These are not one-size fits all and you can choose to use all, some or none of them in your games. Again though, these need to be discussed before the first turn is played in a match to ensure both (all) players are on the same page. This discussion also underscores John Tiller's original design to include flexibility through optional rules and not out-right prohibiting certain actions - to accommodate multiple options so as many people as possible could enjoy the games.
I skipped over a whole section of that manual - the Courier System - as it has essentially been replaced by the new utility provided by Nick Musurca...
Envoy is a free utility for Wargame Design Studio’s (WDS) series of historical wargames that simulates command and control with order delay. Often, decisive battles turned not on weapons and men, but on time and information: who knew what, and when? Were the correct orders issued—and received in time to make a difference? Using Envoy, you can explore these questions by composing orders for subordinates, then passing them down the chain of command with realistic (and customizable) delay. You will be notified on the turn when the order is delivered.
As a solo or PBEM player, you can use this tool as a prompt for moving your units along constraints defined by the orders. You can also use it to umpire Kriegspiel-style wargames for multiple players, using the underlying WDS game to adjudicate combat.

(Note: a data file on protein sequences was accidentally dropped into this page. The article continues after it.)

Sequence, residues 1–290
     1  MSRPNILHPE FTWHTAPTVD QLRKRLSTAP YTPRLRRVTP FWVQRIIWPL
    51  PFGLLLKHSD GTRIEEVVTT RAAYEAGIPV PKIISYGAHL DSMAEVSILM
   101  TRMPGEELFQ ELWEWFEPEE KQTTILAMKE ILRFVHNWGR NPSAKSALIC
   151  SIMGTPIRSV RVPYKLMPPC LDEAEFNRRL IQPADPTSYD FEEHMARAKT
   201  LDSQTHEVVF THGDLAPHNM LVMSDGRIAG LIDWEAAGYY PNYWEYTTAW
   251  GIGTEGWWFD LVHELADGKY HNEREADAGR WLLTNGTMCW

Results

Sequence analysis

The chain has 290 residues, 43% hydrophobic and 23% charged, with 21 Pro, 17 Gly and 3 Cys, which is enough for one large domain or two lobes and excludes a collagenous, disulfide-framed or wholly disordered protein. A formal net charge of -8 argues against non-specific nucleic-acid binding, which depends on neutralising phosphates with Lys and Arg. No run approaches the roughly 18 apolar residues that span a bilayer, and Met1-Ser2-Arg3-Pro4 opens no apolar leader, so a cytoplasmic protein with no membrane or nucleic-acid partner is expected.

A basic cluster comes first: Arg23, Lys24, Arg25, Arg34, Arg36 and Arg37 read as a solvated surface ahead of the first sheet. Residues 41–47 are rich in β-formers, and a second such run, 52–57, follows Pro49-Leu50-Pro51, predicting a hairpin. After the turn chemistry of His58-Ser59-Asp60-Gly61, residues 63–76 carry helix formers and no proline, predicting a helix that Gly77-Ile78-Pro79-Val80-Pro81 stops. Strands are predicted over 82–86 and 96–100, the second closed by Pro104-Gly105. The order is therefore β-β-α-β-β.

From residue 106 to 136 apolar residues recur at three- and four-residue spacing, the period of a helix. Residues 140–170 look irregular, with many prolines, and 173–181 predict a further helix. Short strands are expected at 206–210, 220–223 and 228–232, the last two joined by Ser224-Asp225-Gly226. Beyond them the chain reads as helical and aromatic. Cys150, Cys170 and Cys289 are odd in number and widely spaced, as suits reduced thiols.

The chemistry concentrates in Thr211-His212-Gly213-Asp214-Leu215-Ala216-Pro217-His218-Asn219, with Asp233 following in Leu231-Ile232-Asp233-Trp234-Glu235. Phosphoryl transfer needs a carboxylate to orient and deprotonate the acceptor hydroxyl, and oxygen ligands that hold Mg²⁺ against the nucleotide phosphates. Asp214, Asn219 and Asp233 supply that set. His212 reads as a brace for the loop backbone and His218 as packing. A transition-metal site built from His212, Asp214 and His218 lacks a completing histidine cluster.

While WDS games are remarkable in their unparalleled attention to historical detail, one of their current limitations is that they do not simulate the flow of information and authority on the battlefield. As soon as an enemy unit appears, it is immediately visible to every friendly unit, all of which may take immediate action to counter it without regard to orders or hierarchy—a utopian state of affairs for the wargamer, but in reality not yet attained in the 21st century, let alone the 18th. For those of us who use WDS games as a starting point for deeper historical understanding, some accounting for this “fog of war” is required.
While the most dedicated grognards already address this limitation by tracking the flow of orders and information with outside spreadsheets, Envoy—a free tool introduced earlier this year—is designed to eliminate nearly all manual accounting by integrating itself into the underlying WDS game, performing all calculations invisibly, and notifying the player directly when messages arrive. Note that some degree of discipline and ‘house rules’ are still required, as Envoy does not prevent you from moving any units; you (and your PBEM opponent, if applicable) must agree on some basic ground rules about how units will react to messages, and stick to them.
Wallace Welder, a beta tester for Nicholas and a fellow wargmer, has written a detailed tutorial for the Envoy utility using Bonaparte’s Peninsular War as a testbed. The following link will allow you to download not only the tutorial, but also the latest version of Envoy and it's supporting files. The Tutorial will be in the \Manual folder once you extract the package.
And that my friends brings us to the conclusion of this installment, and this series of articles. We hope it has opened your eyes to new possibilities and ways of enjoying the games you have not thought of before.